All dogs get stressed from time to time. But separation anxiety is most common in certain breeds of dogs for a variety of reasons – from intelligence and subsequent boredom, to genetic makeup. Here is a list of breeds that tend to be more prone to separation anxiety
German Shepherds have been, and are still used for many different tasks from tending sheep to police K-9 support. Unfortunately, the breed has seen a decline in health in recent years, including in their temperament. This, coupled with their high intelligence, means separation anxiety is seen quite often in German Shepherds.
Like other active herding breeds, the Australian Shepherd seems to have a higher instance of separation anxiety than other breeds. They never seem to run out of energy, are very creative and in fact were bred to work. A lack of activity makes them bored and anxious, as does being away from their people for long periods of time.
One of the bigger surprises on our list is the Labrador Retriever, the most popular family dog breed in the United States. Despite how common mellow labs are, their intelligence and recent decline in health and temperament like the German Shepherd make them more susceptible to separation anxiety. Plan to teach your Lab tricks and keep him active if you don’t want to see just how much destruction he can do when he’s bored.
The Vizsla was bred for hunting alongside their owners for long periods of time. As such, the Vizsla does not do well when left alone for long periods of time. These ‘Velcro dogs’ and are very active, so too much time alone and/or sedentary time will greatly increase the risk of severe separation anxiety.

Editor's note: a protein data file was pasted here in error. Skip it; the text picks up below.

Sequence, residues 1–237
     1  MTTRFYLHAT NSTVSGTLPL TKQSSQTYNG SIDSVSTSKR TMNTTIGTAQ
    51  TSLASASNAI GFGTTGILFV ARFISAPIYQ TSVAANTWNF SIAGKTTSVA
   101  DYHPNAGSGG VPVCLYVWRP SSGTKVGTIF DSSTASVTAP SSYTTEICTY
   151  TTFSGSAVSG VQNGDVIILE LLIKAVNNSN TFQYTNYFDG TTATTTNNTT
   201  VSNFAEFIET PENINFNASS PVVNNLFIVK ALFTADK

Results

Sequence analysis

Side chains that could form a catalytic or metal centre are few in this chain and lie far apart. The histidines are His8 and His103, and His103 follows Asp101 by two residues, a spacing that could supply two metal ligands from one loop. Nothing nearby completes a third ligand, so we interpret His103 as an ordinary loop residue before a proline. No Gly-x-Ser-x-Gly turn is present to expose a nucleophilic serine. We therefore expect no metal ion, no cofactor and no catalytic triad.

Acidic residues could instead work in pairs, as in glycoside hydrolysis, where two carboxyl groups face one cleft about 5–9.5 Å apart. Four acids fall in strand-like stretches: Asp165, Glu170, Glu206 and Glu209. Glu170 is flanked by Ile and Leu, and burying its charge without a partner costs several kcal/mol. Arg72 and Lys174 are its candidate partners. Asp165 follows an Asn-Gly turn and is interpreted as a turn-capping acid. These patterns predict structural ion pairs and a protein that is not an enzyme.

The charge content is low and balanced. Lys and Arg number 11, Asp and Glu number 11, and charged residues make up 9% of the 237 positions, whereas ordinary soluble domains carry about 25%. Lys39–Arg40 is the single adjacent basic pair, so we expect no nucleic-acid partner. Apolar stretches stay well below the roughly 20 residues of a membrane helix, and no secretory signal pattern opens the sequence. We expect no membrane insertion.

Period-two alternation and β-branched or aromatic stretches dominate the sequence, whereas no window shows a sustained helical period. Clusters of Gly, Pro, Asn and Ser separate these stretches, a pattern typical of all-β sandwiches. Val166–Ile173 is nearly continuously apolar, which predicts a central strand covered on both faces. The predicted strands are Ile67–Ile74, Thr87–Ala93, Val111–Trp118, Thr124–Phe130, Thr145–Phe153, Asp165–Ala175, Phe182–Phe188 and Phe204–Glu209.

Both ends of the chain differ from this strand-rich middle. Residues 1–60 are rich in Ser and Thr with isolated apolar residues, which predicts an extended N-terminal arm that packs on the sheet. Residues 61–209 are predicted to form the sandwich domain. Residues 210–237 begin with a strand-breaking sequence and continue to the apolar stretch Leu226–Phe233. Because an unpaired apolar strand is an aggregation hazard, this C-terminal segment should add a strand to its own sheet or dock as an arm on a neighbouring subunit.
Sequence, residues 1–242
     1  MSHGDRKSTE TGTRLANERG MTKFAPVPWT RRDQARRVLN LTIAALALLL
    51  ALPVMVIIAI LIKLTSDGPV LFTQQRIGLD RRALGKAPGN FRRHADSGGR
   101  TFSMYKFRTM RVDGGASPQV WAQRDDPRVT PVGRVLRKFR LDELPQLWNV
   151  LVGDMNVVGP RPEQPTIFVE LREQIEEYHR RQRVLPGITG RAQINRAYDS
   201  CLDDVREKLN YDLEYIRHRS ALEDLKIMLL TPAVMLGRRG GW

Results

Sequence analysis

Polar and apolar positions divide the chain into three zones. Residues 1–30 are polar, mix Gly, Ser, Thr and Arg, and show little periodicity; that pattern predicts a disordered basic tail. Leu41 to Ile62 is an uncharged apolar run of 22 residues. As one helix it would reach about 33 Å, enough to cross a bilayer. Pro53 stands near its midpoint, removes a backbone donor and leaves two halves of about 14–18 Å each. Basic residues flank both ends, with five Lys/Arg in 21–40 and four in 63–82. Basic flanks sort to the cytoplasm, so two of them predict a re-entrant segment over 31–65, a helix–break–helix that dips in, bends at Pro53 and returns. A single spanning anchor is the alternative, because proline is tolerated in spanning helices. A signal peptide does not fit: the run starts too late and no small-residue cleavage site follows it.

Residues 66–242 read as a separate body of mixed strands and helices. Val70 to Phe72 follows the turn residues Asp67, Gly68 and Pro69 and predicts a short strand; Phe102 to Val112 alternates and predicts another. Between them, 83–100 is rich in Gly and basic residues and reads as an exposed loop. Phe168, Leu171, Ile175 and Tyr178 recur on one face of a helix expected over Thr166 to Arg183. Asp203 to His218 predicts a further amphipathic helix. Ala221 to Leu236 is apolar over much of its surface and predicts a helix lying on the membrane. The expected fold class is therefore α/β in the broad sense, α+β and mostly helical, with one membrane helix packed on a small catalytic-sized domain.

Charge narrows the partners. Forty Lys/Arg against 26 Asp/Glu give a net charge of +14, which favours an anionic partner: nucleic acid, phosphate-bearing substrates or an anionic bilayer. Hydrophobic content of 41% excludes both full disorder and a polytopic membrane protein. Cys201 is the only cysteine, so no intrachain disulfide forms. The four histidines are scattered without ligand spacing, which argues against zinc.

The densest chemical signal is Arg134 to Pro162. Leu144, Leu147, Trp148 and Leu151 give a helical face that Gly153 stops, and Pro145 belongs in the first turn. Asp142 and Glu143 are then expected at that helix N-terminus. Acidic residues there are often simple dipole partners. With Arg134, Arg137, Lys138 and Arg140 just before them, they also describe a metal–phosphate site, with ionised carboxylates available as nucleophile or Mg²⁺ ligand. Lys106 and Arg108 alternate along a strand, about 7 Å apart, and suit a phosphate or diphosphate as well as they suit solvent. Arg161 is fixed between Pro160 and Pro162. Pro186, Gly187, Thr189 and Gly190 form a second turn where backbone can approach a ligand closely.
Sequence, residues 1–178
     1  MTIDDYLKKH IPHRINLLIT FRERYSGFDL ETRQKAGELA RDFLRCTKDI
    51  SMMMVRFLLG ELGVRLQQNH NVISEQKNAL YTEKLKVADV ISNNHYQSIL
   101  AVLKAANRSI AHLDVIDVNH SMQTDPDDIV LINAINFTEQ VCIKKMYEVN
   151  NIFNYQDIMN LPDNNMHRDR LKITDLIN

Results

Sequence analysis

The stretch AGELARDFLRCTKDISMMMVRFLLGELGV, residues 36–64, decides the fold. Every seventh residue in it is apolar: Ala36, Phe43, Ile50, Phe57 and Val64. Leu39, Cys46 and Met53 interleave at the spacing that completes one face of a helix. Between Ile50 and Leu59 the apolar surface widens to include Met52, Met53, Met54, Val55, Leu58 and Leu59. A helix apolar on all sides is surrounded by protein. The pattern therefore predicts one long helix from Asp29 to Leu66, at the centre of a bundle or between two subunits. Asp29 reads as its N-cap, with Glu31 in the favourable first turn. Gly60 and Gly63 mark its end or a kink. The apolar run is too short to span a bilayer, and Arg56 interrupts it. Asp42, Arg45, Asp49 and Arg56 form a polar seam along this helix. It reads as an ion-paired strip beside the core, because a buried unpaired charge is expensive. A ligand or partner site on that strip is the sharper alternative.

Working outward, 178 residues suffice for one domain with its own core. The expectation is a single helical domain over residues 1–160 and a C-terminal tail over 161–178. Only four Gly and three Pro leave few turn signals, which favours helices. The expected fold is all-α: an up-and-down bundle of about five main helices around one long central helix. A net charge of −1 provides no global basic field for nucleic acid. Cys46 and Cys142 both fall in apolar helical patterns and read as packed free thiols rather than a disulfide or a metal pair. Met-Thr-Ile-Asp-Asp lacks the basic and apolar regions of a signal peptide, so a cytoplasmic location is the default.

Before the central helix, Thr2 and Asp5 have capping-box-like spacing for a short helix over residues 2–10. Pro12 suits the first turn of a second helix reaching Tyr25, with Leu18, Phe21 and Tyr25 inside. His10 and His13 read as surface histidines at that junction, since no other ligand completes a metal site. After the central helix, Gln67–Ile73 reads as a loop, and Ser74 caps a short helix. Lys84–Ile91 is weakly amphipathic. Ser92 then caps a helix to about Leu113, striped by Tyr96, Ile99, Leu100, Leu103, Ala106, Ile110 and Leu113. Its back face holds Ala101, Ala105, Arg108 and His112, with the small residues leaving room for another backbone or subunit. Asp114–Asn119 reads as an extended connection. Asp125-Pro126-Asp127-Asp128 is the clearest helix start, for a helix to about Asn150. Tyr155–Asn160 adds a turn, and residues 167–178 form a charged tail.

Called the Einsteins of the dog world, Border Collies have an intelligence and a desire to work that borders on OCD. Because of their high energy and intelligence, Border Collies need a lot of mental stimulation to prevent them from getting very bored. This boredom will turn into separation anxiety very quickly – so be ready to keep a Border Collie busy with dog sports, regular training, lots of activities and exercise.
Originally bred to be a hunting dog, the Cocker Spaniel needs a lot of quality time with its family. Like other breeds, the Cocker’s popularity has led to poor breeding practices that have introduced health and temperament issues. These issues, and the Cocker’s need to be with its family, can lead to severe separation anxiety.
The Bichon Frise is a companion dog, and does not do well when left alone for long periods of time. The Bichon Frise’s loneliness often transitions into separation anxiety, and separation anxiety into many problematic behaviors.
Cavalier King Charles Spaniel
Like the Bichon Frise, the Cavalier King Charles Spaniel has been bred primarily as a companion dog. Like the Bichon Frise and other companion dogs, the Cavalier loves to be in your lap and at your feet at all times. As such, alone time often results in separation anxiety for a Cavalier.
Jack Russell Terrier
Plain and simply, the Jack Russell Terrier has been bred to be active and needs a full-time coach to keep busy. Without a flurry of constructive activities and a human to guide them, the Jack Russell will often experience separation anxiety and turn to destructive entertainment.
Separation anxiety can not only be a real problem for owners, who return home to find belongings destroyed, ‘messes’ scattered on the floor, barking complaints from neighbors and more; it can be a real problem for the dogs who endure the anxiety brought on by their owner’s absence and exacerbated by the hyperactive neurons in their brain.